“Give government an inch and they will surely take a mile,” one observer told Historic City News after the St Augustine City Commission approved a revised taxicab ordinance presented by Assistant City Attorney Denise May.
The new ordinance, which some commissioners were unsuccessfully lobbied to include restrictions on vehicle age, mileage, and other aesthetics, had not been enacted fifteen minutes before Commissioner Roxanne Horvath and Leanna Freeman began pushing to expand it into the area of low-speed vehicles.
“As to the low-speed vehicle, that is Florida statute driven,” May cautioned commissioners. “They are indeed required to have headlights and taillights, but as to their ability to be on the roads — that is permitted by state law.”
Freeman, who lives in south Davis Shores, focused on Anastasia Boulevard’s 40 mile-per-hour speed limit. She complained that it poses a risk to her when she encounters a low-speed vehicle in traffic that can’t go more than 22 miles-per-hour.
Despite Horvath and Freeman’s efforts to eliminate properly licensed, insured, and equipped low-speed vehicles, the fact is that there is no minimum speed requirement on those roads.
May reiterated, “Anastasia Boulevard is a state road, so unless the Florida Department of Transportation tells them they can’t be there, they can be there.”
Historic City News editor Michael Gold spoke Friday with one local businessman who rents low-speed vehicles. He said the city police have been to his place of business to “warn” him about his low-speed vehicles, then he showed us a highlighted letter with an officer’s business card attached. He went on to say that some of his customers said they were actually stopped by city police for going too slow in faster traffic, although none reported being given a ticket.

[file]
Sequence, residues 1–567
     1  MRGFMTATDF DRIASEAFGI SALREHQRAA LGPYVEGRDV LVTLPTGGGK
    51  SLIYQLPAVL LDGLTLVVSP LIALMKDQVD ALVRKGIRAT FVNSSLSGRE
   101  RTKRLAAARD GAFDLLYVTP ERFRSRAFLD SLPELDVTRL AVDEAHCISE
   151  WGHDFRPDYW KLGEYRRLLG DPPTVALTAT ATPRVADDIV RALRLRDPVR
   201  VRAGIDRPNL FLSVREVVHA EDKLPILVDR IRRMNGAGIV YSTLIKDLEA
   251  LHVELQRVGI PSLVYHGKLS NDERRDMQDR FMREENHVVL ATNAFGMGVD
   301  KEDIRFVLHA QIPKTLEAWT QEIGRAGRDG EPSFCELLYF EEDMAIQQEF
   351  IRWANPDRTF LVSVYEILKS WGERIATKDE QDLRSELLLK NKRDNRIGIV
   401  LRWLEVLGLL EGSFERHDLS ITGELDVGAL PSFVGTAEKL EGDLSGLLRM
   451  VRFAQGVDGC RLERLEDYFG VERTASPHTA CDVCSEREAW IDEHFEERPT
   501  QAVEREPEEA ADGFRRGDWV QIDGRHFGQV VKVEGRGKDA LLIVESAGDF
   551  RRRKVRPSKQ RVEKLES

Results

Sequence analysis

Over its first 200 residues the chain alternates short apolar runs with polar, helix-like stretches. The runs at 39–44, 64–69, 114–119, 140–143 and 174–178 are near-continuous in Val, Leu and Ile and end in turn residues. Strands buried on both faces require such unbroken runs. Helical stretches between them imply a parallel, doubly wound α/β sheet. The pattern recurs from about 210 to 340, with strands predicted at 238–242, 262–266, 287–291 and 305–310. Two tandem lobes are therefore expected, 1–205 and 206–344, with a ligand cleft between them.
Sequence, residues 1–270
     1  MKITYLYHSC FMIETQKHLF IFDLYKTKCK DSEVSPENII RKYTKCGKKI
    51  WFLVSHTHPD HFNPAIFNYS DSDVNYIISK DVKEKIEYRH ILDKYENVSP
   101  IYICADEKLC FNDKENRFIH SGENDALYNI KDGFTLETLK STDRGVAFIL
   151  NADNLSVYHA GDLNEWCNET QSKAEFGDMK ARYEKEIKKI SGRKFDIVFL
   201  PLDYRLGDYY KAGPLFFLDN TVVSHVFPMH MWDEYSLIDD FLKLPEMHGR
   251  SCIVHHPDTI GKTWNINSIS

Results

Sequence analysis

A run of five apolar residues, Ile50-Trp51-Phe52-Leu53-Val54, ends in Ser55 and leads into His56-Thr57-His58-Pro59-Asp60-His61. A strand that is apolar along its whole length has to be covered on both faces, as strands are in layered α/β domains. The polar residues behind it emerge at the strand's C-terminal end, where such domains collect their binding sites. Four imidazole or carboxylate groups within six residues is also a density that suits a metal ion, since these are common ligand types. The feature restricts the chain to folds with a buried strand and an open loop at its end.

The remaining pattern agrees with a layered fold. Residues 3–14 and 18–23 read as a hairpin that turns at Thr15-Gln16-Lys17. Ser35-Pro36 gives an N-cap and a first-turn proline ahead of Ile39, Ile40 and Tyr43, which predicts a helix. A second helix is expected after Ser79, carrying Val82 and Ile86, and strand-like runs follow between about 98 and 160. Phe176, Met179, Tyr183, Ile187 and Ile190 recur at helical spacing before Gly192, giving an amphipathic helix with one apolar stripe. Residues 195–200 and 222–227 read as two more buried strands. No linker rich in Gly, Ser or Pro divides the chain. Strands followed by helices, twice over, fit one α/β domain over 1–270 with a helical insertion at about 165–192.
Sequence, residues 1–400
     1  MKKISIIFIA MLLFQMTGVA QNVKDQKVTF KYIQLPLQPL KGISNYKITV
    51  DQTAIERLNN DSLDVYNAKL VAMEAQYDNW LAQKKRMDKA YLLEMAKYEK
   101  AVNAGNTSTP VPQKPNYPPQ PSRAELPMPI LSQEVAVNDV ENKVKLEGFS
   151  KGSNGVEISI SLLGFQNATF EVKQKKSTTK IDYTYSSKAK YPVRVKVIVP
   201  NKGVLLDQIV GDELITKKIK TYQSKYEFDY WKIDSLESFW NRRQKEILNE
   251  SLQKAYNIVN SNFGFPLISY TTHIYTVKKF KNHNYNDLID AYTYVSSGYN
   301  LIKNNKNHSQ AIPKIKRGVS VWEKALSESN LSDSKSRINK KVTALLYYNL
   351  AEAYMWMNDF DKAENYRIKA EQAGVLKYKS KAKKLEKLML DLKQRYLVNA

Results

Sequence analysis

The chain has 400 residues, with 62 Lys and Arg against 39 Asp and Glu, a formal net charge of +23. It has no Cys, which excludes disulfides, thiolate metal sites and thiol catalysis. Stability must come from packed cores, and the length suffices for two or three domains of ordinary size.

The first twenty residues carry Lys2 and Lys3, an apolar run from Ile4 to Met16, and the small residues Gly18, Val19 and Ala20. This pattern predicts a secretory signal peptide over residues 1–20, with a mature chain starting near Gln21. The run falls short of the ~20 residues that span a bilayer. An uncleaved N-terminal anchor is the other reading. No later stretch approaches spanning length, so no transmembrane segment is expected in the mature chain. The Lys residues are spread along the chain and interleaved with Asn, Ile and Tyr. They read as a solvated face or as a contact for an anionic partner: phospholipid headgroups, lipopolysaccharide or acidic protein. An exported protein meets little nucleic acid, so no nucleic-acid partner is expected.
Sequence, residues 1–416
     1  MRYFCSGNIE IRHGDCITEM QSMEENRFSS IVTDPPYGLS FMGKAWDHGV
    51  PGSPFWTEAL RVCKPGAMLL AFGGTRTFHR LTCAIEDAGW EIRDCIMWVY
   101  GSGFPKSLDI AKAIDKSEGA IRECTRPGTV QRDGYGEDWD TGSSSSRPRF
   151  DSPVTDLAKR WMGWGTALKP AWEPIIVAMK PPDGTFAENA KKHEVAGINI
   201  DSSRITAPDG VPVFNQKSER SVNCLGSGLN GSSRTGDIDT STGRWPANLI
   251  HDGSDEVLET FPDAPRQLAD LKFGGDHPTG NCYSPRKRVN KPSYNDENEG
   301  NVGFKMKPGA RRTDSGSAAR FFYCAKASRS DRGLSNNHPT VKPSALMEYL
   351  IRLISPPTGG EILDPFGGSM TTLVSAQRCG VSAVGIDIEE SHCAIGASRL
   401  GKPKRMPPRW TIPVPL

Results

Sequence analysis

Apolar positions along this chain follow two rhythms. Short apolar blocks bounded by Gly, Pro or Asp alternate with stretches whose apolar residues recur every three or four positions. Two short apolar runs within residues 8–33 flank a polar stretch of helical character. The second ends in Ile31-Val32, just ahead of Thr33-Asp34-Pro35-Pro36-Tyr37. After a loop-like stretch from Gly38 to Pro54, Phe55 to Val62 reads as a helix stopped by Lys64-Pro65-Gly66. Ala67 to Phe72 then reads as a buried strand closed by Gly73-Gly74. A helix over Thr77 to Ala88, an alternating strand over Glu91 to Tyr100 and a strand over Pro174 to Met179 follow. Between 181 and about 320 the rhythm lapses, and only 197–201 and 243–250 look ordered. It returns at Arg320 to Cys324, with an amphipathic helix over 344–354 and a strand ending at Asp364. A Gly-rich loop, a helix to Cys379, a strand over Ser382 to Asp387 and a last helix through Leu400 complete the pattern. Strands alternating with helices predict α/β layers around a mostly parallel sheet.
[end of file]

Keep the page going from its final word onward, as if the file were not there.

The businessman, who feared retribution if he spoke on the record, said that the city should not be stretching Florida’s existing traffic laws which apply to all state roads; including Anastasia Boulevard, King Street, San Marco Avenue, and Ponce de Leon Boulevard.
Horvath raised the specter of waiting for a traffic accident to occur before acting and insisted that the city attorney’s office take a request to FDOT asking for additional restrictions on low-speed vehicles operating on state roads within the city limits. Freeman chimed in support, and without objection from the commission, May agreed to forward their concerns, “particularly if data analysis shows the need.”